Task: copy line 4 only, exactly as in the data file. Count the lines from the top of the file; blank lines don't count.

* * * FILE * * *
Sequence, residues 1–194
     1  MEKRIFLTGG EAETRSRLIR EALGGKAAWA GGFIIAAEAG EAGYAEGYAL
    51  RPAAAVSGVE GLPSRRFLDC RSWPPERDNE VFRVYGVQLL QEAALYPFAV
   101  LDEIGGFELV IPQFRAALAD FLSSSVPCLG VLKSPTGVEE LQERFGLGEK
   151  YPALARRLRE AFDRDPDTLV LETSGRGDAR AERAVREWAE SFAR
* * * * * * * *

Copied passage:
   101  LDEIGGFELV IPQFRAALAD FLSSSVPCLG VLKSPTGVEE LQERFGLGEK